The cash-based accounting of many governments basically involves the reporting of cash inflows (e.g. cash received from taxation receipts, interest earned on investments, proceeds from sale of assets) and cash outflows (e.g. spending on government programmes, interest on borrowing, lending, asset purchases, public-sector salaries and wages). One of the main deficiencies with the cash-based approach is that it does not distinguish between the economic characteristics of transactions. The sale of an asset, giving rise to a cash inflow, is treated in the same manner as cash
raised through taxation. Likewise, government lending – a cash outflow – is treated the same as the payment of public-sector salaries. However, it is on the cash basis that most governments prepare and present their annual budgets, which become headline economic news. The difference between these inflows and outflows is reported as the budget surplus or deficit, and becomes the centrepiece of reporting, analysis and debate. Of course, where deficits exist governments must borrow money to close the shortfall. These borrowings – government or public-sector debt – also become headline news, and become a key way in which many countries, and governments, are assessed.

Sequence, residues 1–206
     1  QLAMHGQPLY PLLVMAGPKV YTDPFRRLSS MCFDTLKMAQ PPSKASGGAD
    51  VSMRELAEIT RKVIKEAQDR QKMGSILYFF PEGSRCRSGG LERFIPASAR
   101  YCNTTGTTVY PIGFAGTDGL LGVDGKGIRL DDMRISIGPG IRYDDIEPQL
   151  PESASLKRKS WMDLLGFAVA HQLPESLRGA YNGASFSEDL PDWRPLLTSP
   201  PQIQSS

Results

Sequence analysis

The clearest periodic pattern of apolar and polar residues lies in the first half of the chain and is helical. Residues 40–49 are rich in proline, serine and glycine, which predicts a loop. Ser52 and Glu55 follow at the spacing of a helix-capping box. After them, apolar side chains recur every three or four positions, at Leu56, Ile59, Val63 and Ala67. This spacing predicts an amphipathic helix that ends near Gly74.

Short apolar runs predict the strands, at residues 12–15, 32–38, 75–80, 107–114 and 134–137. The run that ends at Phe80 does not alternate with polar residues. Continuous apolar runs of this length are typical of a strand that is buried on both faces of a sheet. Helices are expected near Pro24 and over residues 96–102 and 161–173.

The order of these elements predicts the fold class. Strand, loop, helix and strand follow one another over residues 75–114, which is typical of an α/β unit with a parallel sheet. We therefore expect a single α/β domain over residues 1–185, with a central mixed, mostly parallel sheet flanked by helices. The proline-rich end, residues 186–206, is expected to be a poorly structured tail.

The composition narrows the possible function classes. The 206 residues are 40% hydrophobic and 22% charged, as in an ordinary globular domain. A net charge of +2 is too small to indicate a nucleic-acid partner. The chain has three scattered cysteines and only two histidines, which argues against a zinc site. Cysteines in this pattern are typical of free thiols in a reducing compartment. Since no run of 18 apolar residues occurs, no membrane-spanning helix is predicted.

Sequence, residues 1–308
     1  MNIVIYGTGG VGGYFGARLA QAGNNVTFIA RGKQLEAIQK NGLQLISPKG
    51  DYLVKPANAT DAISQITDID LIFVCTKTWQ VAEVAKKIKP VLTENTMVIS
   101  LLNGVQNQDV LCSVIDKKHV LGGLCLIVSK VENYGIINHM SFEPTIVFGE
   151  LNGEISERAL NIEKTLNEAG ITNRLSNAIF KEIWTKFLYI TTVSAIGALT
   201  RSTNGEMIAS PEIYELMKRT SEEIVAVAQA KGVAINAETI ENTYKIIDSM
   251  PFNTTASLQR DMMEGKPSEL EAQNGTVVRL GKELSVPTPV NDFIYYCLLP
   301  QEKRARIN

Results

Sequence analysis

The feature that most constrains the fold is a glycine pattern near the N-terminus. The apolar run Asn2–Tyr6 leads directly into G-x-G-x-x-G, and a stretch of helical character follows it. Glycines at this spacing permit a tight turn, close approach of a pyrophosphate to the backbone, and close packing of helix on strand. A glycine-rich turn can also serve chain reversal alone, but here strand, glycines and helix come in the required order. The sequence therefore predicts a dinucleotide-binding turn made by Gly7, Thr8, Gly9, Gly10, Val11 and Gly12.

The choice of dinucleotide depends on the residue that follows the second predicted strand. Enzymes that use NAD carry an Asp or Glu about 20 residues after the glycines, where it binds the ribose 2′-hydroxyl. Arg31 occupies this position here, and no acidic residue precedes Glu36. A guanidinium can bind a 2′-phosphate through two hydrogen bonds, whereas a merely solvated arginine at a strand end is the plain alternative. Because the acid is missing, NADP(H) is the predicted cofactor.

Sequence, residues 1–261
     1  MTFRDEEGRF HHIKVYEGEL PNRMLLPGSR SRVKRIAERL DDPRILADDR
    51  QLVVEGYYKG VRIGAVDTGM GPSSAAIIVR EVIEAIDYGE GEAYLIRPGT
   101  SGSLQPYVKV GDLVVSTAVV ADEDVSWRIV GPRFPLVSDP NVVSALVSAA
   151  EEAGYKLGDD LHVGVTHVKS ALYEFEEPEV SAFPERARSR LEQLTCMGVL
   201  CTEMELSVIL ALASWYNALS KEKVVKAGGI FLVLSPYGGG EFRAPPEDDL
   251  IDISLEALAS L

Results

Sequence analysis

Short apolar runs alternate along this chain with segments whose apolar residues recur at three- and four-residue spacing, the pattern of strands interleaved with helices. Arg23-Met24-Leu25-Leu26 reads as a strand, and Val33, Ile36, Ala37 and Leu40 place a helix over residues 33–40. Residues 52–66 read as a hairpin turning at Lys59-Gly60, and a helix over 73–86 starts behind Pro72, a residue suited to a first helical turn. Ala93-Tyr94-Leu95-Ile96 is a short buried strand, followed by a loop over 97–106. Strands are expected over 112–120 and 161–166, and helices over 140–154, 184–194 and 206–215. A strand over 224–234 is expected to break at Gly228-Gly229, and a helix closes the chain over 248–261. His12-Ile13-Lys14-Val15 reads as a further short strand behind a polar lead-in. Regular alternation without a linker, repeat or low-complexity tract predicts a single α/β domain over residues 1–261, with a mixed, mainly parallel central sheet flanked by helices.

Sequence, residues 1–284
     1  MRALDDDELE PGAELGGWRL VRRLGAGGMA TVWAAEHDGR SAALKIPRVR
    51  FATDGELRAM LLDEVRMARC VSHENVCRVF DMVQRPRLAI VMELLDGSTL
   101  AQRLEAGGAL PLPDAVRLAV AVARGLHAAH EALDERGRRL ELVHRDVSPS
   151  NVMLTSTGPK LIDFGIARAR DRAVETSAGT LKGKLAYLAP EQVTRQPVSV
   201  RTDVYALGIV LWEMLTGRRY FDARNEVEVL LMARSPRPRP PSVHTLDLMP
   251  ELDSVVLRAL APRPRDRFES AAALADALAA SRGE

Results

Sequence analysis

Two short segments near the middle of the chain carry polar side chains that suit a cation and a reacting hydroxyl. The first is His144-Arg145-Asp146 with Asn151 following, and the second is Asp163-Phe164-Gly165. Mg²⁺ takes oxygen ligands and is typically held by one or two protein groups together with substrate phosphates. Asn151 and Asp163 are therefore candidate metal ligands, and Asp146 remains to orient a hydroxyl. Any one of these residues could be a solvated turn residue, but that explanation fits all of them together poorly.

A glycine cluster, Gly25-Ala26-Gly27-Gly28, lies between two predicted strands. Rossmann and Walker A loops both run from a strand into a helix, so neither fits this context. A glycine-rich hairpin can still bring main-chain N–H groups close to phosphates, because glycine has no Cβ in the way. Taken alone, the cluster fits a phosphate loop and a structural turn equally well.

It would be folly to suggest that these types of cash-based measure are not important. They are. How can any business survive without knowing its cash position, inflows and outflows, borrowing requirements, and liquidity position? However, it is also clear that an important element of reporting is missing. Put simply, what is missing is the value of all physical assets, and non-debt liabilities. These are amounts that can be determined only when an accrual-based accounting system is used. The need for accrual-based public-sector accounting is recognised by the European Parliament. In its